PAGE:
While Norwegian REC may be the most well-known example of Scandinavian solar energy technology, there are some very fine examples from Sweden as well.
However, for solar cell production, economy of scale is often a very important factor. Large investments are necessary for the construction of production facilities, and that creates an entry barrier for smaller players in the field. So how could smaller players tackle this? Well, economy of scale is not a phenomenon that is unique for the solar power tech sector, and lessons can be learnt from other sectors. One way for smaller companies to remain in the competition might be to find a niche market, and being unique or extraordinarily good at something very specific. For solar power, the variables commonly available to make your product stand out are efficiency and price. With cells being more efficient every year, and companies can stand out if they can offer commercial products with efficiency close to the levels reached in laboratories.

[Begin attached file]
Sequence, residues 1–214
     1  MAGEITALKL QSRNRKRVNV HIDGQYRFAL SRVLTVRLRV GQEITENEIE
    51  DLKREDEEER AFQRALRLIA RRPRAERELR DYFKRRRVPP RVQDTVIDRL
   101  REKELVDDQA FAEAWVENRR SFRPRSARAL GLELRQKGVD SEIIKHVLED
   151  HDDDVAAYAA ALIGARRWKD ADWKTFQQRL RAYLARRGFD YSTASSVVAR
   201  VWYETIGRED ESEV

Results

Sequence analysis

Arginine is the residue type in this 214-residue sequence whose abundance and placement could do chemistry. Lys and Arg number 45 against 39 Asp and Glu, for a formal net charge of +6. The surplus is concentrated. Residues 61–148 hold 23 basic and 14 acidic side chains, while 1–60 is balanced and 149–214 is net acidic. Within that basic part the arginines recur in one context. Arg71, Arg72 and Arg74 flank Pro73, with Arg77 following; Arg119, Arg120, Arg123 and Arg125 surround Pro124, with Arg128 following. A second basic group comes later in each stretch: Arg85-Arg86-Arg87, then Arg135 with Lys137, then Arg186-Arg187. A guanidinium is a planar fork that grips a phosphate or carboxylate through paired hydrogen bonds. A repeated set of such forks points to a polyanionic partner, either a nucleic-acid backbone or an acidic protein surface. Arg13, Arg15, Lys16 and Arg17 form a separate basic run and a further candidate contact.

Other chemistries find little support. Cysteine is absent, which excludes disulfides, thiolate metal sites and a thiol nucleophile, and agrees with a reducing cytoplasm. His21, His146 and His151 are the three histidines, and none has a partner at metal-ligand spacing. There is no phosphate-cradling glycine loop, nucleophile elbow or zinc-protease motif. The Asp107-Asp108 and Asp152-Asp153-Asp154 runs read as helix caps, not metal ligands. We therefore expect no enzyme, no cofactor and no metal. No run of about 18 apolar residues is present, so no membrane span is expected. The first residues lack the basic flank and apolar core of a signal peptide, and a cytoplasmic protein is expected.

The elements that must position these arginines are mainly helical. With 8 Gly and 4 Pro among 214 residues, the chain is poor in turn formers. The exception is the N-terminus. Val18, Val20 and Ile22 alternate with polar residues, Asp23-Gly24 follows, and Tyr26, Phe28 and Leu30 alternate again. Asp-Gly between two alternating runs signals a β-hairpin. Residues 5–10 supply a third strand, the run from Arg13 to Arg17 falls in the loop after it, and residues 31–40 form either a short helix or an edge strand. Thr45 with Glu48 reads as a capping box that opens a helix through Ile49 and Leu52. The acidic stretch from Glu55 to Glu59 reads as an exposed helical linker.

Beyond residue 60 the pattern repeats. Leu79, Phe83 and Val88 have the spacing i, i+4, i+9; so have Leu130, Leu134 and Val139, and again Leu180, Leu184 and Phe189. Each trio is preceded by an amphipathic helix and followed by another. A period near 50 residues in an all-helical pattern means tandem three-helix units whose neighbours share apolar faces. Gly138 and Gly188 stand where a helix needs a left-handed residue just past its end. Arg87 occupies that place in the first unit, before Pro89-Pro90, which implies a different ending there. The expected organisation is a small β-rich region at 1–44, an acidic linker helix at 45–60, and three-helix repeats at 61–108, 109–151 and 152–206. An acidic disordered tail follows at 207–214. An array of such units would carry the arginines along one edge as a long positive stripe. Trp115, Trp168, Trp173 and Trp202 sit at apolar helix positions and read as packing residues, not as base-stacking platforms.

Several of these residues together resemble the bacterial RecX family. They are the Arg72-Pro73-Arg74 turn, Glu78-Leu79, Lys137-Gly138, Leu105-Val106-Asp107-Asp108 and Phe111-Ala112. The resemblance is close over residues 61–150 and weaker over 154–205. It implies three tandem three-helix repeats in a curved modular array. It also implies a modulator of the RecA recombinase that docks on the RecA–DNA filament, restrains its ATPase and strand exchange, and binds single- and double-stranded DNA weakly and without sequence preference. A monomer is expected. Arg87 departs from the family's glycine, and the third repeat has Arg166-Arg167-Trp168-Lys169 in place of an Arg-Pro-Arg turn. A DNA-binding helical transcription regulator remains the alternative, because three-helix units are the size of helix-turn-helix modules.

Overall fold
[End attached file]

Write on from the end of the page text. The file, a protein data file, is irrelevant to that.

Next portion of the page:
Another way to move ahead may be to apply unorthodox production methods to lower the price even in small and medium scale production. By simplifying the process, or applying techniques from other types of industrial production, cheaper cells can be produced, at the cost of lower efficiency.
Swedish company Midsummer are doing just that, hoping to get a share of the flourishing solar market.
Is this the way forward for smaller solar technology firms? Or would they, as in the case of Solibro, be better off trying to excell in quality, performance or efficiency, and associating themselves with a company of large production capacity?